When it comes to bioelectronics, university researchers are continually developing technology to improve people’s quality of living with various issues like paralysis, deafness, and blindness.
One way to combat vision loss, in particular, is artificial retinas—one of the first instances being the Argus II implant in 2007. As of 2018, Second Sight Medical (designers of the Argus II) claims more than 300 Argus II devices have been successfully implanted worldwide.
The Argus II is a byproduct of more than 10 years of R&D. Image used courtesy of Second Sight Medical
Recently, several universities have approached artificial retinas separately, publishing lab-based research on technology that could lead to human trials in the future.
Basic Principles for Artificial Retinas
To understand the basic principles underlying artificial retinas, it may be useful to first assess the working principles of Argus II from Second Sight Medical, the only FDA-approved (2013) artificial retina.
Electrical impulses are generated based upon post-processing data from a glasses-based camera system, which is then impressed upon electrodes that have been surgically attached inside a patient’s retina.
A high-level diagram of how a retina implant works. Image used courtesy of USA Department of Energy
These electrical signals interface with the remaining biological “circuitry,” the ganglion clusters, in the eye to relay stimulus to the brain. Much of the research coming down from universities seem to model similar parameters designed to combat retinitis pigmentosa.
For example, researchers at EPFL (École Polytechnique Fédérale de Lausanne) in Switzerland have been developing a retina implant consisting of 10,500 light dots (pixels), providing a high-resolution electrode array with a field of vision of nearly 43 degrees (a key metric for safely navigating by vision, according to their research).
The (a) high-density prosthesis designed by researchers at EPFL, with an active working area of 13 mm in diameter, contains nearly (b) 10,500 photovoltaic pixels. Image used courtesy of Chenais et al.
Stanford Focuses on Electrode Density
Stanford researchers claim that current solutions on the market, namely the Argus II, fail to address a major issue in ganglion cell activation.
The Stanford research indicates that various ganglion cell clusters are responsible for different visual aspects and must be activated individually. Image courtesy of Stanford Medical
The large electrodes currently in use, between 50 μm to 500 μm, activate cell clusters in aggregate, which confuses the brain’s signals. This results in limited restoration of vision.
Stanford’s system for an artificial retina, which shares characteristic design elements to alternatives, such as glasses with a built-in camera, processing capability, and wireless transfer to the retina. Image used courtesy of Stanford Medicine
Instead of these large electrodes, the researchers propose using 10 μm variant electrodes that can excite a small number of cells in the epiretinal region of the eye (where the mostly intact ganglion reside).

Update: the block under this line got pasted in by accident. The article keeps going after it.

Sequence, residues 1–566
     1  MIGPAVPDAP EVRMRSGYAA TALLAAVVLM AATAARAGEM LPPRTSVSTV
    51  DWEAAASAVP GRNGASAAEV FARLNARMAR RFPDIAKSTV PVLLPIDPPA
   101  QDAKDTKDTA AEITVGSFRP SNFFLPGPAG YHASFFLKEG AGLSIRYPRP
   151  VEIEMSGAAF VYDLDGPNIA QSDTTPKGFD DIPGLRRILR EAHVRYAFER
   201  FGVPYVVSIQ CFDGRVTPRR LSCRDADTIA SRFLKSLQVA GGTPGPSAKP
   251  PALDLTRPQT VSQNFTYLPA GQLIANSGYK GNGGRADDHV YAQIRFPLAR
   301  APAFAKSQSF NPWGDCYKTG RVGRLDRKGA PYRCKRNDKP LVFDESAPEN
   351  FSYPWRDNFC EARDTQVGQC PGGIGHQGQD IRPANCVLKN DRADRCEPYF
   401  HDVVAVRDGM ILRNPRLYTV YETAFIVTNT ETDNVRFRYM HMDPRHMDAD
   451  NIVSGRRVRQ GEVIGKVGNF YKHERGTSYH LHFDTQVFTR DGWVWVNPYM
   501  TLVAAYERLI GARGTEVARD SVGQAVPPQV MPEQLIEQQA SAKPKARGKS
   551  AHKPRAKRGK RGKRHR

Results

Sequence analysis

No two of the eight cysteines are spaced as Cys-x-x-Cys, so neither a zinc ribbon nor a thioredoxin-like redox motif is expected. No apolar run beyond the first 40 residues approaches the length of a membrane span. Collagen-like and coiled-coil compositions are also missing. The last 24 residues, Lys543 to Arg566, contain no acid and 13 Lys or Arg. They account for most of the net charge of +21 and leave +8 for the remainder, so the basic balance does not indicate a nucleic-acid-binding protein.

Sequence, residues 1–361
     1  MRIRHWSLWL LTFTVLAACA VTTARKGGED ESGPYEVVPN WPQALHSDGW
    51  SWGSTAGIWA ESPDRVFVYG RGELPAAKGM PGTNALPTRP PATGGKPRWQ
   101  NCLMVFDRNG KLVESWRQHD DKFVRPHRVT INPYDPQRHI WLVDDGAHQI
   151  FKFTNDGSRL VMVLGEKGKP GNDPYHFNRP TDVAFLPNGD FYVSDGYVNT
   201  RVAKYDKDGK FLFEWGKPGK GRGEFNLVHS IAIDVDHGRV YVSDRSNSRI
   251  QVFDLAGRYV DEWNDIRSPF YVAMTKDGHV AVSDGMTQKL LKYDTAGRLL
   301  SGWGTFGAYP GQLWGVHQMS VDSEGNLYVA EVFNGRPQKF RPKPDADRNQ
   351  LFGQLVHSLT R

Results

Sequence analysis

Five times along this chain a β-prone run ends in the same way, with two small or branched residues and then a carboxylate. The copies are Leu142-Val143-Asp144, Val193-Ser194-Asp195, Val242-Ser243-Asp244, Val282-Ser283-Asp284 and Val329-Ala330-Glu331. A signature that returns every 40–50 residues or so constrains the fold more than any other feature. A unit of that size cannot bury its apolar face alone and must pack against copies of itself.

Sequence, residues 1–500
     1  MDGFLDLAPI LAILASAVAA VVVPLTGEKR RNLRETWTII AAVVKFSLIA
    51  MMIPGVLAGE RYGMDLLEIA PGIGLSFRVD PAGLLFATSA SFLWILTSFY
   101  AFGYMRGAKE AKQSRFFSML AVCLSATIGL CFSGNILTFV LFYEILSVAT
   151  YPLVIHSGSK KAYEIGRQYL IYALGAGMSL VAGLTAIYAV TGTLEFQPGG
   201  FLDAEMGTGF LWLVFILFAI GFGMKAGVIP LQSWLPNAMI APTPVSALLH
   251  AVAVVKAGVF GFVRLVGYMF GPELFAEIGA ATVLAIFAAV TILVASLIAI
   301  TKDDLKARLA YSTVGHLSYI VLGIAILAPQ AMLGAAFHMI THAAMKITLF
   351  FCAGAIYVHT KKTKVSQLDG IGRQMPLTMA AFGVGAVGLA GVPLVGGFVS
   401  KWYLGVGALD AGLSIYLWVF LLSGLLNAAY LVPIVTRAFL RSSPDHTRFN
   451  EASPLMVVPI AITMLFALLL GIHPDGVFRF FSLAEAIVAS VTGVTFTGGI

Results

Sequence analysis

Is Ocular Mimicry Sufficient to Replace Eyes?
The Hong Kong University of Science and Technology (HKUST) researchers have taken a distinctly divergent path to the previous research candidates and generated an artificial bionic eye composed of analogous elements to a real eye.
The researchers from HKUST believe this lens structure sharpens the lens’s focus due to the dome shape reducing the spreading effect of light compared to a flat sensor (as in image cameras), much like the human eye.
Last May, the journal Nature provided a commentary report on HKUST’s research into the bionic eye. The study indicated that this eye has a comparable photoreceptor sensitivity response to the human eye.
This sensitivity is principally due to the novel use of perovskite materials, which have favorable properties in the next-generation of optoelectronic signals.
HKUST’s conceptual design of a bionic eye. Image used courtesy of Gu et al and Nature
The nanowires present inside the artificial retina act as photoreceptors to relay information along the liquid-metal wires (analogous to nerve fibers). In a video released from HKUST, researchers demonstrated how the bionic eye possesses photoreception capability, namely an impressive ability to distinguish letters present on a laptop screen despite the limited ocular resolution.
Overcoming Design Challenges Today Mean Clearer Vision Tomorrow
For these research groups, overcoming both design and biological challenges could mean a future where functional vision is possible for everyone.
Aside from the long wait times for medical trials in humans, the research at EPFL is facing fabrication issues with pixels cracking during bonding to the hemispherical shape. According to the research team, additional issues, such as the potential of crosstalk between pixels and the requirement of stimulation of single ganglion cells by single pixels, are also constraints.
Stanford acknowledges a series of questions that need answering to move forward their research, many of which are centered around encoding signals to the brain and the specific activation patterns of ganglion cells. They hope to model some of these problems with advancements in machine learning.
Finally, the team at HKUST has several issues to overcome, including an expensive fabrication process and a limited eye resolution—a large 200 μm gap between the pixels, which limits the light detection region.
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